Ambit Capital finally turns optimistic, raises Sensex target to 29,500 for FY17 end


Mumbai: Brokerage firm Ambit Capital Pvt. Ltd, among the most pessimistic on the Indian stock market, on Friday raised its target for the S&P BSE Sensex, predicting the benchmark equity index will gain over 10% from current levels by the end of the fiscal year. The reason: lower domestic risks, thanks to efforts by the Reserve Bank of India (RBI) to tackle bad loans.

In a note titled Taking the crisis call off the table, Ambit Capital, which had earlier said the Sensex could fall as low as 22,000 points, set its new target at 29,500 points by the end of 2016-17. The Sensex closed 0.48% lower at 26,635.75 points on Friday.

“…we take cognizance of the recent efforts of the RBI and the Bank Boards Bureau (to resolve the asset quality and liquidity issues facing the banking sector) by revising our base case scenario Sensex earnings multiple to 19 times (which is also the 10-year P/E average),” analyst Prashant Mittal said in the note on Friday.

The brokerage firm said that applying this multiple to its Sensex FY17 earnings per shares (EPS) estimate of Rs.1,550, its arrives at a revised target of 29,500 for Sensex.

In a note on 22 April, Ambit Capital analysts Saurabh Mukherjea and Mittal had pegged a Sensex target of 22,000 points.

“Even as the consensus view on India swings to ‘buy’, we still don’t see the point of running after the Indian market as a whole,” Mukherjea and Mittal had said in the 22 April note.

In April, Ambit analysts had argued that the then current state of affairs around the three factors—banking sector reforms, money market liquidity and consumer inflation in the western economies—did not give them sufficient comfort that the current rally is sustainable, and hence they stuck to their longstanding view that there is a high probability that the Sensex will touch 22,000 points.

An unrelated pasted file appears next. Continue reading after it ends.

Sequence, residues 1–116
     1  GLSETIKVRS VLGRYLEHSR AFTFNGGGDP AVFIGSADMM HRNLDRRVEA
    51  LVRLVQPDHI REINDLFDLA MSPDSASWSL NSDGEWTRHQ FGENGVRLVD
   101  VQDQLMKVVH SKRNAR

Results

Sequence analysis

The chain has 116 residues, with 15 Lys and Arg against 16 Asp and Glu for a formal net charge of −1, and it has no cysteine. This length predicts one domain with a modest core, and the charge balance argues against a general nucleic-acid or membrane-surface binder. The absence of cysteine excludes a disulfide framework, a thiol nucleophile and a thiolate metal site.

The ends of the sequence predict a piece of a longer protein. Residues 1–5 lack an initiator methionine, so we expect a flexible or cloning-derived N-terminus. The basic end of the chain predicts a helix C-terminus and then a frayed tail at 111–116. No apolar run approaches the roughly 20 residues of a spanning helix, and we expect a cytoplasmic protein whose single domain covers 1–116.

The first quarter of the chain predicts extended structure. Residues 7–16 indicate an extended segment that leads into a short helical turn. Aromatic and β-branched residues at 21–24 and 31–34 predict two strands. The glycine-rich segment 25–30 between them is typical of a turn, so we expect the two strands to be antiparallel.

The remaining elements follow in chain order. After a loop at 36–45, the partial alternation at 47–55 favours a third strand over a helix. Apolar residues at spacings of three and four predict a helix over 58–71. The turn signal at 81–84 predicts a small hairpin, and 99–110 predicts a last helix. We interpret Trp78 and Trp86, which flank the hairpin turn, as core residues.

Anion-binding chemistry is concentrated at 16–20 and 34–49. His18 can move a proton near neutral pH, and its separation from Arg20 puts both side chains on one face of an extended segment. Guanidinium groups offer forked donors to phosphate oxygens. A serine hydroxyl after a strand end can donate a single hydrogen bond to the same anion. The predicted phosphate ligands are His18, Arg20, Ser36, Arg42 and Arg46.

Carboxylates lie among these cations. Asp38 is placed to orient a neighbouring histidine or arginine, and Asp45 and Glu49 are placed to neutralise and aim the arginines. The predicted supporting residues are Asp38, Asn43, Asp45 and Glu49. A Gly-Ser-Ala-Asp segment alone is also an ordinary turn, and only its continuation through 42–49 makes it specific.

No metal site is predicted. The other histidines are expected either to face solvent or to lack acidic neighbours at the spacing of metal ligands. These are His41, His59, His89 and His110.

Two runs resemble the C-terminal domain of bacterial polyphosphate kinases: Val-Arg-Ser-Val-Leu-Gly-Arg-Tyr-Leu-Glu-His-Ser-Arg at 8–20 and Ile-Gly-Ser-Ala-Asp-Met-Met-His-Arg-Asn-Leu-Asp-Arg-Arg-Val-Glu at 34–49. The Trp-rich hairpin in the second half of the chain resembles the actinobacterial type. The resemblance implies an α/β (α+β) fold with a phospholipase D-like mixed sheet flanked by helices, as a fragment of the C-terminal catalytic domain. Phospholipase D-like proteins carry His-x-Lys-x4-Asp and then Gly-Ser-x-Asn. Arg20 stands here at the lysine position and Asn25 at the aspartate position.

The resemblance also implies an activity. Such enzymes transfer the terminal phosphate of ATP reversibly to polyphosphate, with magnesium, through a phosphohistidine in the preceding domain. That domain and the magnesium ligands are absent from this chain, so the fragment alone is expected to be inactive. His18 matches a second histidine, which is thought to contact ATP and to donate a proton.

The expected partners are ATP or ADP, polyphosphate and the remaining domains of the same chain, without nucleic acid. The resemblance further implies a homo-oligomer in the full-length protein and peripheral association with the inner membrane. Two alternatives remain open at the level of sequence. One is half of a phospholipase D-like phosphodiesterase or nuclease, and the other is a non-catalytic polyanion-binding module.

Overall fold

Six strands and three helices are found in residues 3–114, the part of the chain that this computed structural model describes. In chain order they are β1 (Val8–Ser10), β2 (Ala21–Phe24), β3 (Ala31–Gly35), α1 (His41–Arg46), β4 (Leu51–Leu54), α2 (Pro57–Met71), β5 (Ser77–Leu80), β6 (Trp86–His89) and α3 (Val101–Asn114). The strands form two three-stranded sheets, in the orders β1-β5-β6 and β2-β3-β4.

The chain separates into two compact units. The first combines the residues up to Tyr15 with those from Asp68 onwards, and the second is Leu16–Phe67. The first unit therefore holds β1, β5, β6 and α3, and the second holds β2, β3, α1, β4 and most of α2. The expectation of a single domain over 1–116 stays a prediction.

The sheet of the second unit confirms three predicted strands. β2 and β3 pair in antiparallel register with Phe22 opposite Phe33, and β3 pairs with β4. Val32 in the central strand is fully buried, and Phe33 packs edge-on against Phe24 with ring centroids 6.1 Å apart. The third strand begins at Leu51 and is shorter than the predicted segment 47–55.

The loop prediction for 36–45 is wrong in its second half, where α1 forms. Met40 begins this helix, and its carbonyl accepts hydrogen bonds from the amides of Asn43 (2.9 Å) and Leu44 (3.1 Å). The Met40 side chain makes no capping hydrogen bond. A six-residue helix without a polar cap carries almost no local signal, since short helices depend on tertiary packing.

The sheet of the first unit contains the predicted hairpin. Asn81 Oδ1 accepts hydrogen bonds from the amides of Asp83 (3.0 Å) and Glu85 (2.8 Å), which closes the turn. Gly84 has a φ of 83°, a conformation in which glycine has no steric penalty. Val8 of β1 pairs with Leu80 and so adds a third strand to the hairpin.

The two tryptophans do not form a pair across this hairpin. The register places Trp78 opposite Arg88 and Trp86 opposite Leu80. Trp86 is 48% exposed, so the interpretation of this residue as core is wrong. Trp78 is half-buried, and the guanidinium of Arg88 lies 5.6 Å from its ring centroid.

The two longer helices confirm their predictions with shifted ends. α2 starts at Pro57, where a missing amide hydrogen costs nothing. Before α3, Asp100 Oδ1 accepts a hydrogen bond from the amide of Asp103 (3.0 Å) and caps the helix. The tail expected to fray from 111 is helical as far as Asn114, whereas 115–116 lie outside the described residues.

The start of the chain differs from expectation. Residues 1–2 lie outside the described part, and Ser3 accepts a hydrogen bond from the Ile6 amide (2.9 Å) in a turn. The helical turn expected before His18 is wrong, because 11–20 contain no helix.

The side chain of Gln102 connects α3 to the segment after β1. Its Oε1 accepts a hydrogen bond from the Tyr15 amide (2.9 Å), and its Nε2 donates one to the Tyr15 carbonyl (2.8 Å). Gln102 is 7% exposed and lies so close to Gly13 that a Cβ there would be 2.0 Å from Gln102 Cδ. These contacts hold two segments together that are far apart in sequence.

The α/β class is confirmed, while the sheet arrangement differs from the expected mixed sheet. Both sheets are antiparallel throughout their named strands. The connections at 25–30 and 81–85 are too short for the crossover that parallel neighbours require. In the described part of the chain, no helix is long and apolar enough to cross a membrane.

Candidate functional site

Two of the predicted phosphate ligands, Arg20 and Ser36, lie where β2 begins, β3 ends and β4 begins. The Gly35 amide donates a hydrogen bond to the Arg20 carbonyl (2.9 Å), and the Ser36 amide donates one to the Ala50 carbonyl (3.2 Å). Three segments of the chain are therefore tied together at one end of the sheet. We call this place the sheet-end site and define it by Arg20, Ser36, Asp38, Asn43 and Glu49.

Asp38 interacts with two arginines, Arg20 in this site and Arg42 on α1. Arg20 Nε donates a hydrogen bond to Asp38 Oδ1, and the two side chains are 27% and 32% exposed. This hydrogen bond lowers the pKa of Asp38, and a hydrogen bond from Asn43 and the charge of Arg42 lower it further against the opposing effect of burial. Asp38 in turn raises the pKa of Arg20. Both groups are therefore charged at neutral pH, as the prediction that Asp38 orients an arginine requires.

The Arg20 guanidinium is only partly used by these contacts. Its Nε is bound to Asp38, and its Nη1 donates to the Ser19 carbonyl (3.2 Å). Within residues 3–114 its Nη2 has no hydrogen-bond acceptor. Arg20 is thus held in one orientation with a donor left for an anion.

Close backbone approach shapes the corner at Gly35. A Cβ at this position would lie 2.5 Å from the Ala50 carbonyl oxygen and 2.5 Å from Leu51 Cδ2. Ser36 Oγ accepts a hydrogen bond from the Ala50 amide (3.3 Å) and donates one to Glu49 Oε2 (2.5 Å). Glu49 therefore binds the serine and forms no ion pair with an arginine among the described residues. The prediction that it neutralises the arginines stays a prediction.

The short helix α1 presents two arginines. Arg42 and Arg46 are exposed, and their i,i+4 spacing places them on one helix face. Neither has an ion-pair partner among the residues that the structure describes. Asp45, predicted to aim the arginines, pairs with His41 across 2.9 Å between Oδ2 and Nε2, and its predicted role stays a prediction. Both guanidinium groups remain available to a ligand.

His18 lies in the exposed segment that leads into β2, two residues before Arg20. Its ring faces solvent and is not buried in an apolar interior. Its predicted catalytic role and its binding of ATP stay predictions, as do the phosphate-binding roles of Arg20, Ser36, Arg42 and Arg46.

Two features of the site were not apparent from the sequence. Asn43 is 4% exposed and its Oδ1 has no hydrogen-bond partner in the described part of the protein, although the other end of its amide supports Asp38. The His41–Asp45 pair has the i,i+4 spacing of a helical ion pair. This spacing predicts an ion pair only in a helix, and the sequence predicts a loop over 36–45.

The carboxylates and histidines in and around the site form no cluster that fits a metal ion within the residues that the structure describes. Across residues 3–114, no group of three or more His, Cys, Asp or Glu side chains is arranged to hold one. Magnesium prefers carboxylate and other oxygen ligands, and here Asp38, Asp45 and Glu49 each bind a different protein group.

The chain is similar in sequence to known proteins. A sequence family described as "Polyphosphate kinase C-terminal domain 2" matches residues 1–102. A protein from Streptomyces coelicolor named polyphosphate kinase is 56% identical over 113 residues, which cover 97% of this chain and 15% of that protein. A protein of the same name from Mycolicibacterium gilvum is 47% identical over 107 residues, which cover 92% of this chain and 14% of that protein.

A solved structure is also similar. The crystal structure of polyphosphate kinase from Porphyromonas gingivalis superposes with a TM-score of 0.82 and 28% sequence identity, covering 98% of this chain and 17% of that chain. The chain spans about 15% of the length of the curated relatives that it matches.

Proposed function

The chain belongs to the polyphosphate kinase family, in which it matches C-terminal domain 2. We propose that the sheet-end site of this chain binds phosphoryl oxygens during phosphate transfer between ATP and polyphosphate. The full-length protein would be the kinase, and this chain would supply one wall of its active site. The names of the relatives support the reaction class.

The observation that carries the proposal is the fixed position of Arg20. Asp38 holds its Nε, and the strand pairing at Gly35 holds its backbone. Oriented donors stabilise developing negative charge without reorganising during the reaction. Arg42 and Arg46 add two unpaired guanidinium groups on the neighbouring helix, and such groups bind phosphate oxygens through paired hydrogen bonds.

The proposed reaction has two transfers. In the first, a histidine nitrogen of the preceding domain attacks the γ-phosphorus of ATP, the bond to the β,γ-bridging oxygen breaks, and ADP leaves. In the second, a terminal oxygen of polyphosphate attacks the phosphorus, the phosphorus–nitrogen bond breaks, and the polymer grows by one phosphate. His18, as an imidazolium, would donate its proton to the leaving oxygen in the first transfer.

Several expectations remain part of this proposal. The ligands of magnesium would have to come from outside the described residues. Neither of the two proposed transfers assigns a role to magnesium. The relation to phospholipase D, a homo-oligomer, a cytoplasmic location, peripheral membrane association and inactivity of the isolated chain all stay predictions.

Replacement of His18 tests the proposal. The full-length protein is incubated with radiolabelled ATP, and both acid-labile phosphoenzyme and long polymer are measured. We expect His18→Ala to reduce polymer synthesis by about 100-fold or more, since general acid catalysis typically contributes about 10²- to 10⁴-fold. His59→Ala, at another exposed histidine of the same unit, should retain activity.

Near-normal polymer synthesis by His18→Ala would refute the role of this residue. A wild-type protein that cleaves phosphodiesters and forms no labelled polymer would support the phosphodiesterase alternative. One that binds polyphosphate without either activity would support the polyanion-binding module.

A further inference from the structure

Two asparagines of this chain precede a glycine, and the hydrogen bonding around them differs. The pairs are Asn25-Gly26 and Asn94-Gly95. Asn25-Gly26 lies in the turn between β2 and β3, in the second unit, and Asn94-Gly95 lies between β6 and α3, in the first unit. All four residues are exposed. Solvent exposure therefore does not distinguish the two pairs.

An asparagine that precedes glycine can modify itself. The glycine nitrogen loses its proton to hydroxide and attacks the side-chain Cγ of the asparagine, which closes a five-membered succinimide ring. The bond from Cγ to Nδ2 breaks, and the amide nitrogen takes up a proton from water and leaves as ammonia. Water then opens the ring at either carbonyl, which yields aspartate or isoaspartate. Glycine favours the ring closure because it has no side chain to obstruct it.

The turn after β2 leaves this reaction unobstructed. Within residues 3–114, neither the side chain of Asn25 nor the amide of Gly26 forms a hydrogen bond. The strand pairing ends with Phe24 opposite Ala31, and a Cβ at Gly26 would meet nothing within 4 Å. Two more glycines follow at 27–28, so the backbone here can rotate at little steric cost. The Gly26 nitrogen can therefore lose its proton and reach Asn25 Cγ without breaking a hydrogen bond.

In its note on Friday, even as Ambit Capital raised its target, it warned that the global macro picture remains bleak, and the substitution effects are being mistaken as green shoots.

Mittal pointed that even as Indian equity markets have rallied by 18% from their February lows, the risks emanating from a Chinese economy slowdown, the US Federal Reserve’s monetary policy tightening and deflationary scenarios in the European union (EU) and Japan persist.

“On the one hand, recent data from China and the US has increased the probability of a ‘deflation’ export from China, on the other hand, the BoJ (Bank of Japan) and the ECB (European Central Bank) have acknowledged the ineffectiveness of continuous monetary easing to resolve the deflationary spiral,” Mittal said in the note on Friday.

“Both these scenarios—a sharp yuan devaluation and the ineffectiveness of the European and Japanese banks in handling deflationary risks—represent a significant risk to the Sensex,” added Mittal.

According to Mittal, a mild pickup in the economy in the March quarter is a result of three substitution effects taking place in the economy rather than a cyclical upturn.

Mittal added that these were commercial vehicle demand substituting for falling railway freight demand, consumer durables demand substituting for real estate and jewelry demand; and private banks and non-banking financial corporations lending substituting for public sector banks’ lack of lending.